The RIA concluded that the proposed patent fee schedule has the largest net benefit. The incremental net monetized benefit to patent applicants, patent holders, other patent stakeholders, and society of the proposed fee schedule is nearly seven billion dollars (assuming a 7 percent discount rate) for the five-year period. The most significant incremental benefit is the increase in the average value of a patent that stems from a decrease in patent application pendency (the time it takes to have a patent application examined). The Office estimates that total patent application pendency will decrease by 12 months during the time period of this analysis, thereby permitting a patentee to obtain a patent sooner than he or she would have under the Baseline (status quo fee schedule). The proposed fee schedule also has qualitative benefits including fee schedule design benefits and a decrease in uncertainty of patent rights, as discussed below.SeeTable 1.

Table 1—Proposed Patent Fee Schedule Costs and Benefits, Cumulative FY 2013-FY 2017 Total Monetized Costs and Benefits—3% Discount Rate (dollars in millions) Benefits: Increase in private patent value from a decrease in pendency $6,921 Costs: Cost of patent operations ($765) Lost patent value from a decrease in patent applications ($166) Net Benefit $5,990 Monetized Costs and Benefits—7% Discount Rate (dollars in millions) Benefits: Increase in private patent value from a decrease in pendency $7,694 Costs: Cost of patent operations ($682) Lost patent value from a decrease in patent applications ($135) Net Benefit (Cost) $6,877 Qualitative Costs and Benefits Costs: No qualitative costs n/a Benefit: Fee Schedule Design Benefits (Significant, Moderate, Not Significant) Moderate Decreased Uncertainty Effect (Significant, Moderate, Not Significant) Significant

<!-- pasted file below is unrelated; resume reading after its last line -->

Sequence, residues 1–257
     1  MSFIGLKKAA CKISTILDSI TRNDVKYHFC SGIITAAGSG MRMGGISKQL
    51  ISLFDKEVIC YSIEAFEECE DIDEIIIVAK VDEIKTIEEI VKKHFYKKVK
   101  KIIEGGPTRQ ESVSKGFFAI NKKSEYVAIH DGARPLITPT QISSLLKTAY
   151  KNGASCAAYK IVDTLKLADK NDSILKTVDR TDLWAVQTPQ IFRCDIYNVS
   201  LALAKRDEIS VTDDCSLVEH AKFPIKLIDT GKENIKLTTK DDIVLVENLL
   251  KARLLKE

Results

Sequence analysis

To estimate the monetized benefits of the proposed fee schedule, the Office considered how the value of a patent would increase under the proposed fee schedule. When patent application pendency decreases, a patentee holds the exclusive right to the invention sooner, which would increase the private value of that patent. Because the outcomes of this proposed rule would decrease patent pendency by 12 months during the time period of the analysis, the Office expects the private patent value will increase, relative to the baseline. This benefit helps to speed the commercialization of new technologies and the jobs they can create.SeeTable 1.